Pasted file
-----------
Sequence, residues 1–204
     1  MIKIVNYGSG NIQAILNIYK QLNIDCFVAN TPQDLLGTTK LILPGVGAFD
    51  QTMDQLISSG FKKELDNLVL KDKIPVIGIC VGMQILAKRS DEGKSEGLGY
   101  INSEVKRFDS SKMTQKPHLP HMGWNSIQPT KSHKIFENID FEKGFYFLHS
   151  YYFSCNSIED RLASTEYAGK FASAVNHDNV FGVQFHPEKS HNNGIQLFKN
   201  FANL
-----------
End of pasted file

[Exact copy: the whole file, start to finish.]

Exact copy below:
Sequence, residues 1–204
     1  MIKIVNYGSG NIQAILNIYK QLNIDCFVAN TPQDLLGTTK LILPGVGAFD
    51  QTMDQLISSG FKKELDNLVL KDKIPVIGIC VGMQILAKRS DEGKSEGLGY
   101  INSEVKRFDS SKMTQKPHLP HMGWNSIQPT KSHKIFENID FEKGFYFLHS
   151  YYFSCNSIED RLASTEYAGK FASAVNHDNV FGVQFHPEKS HNNGIQLFKN
   201  FANL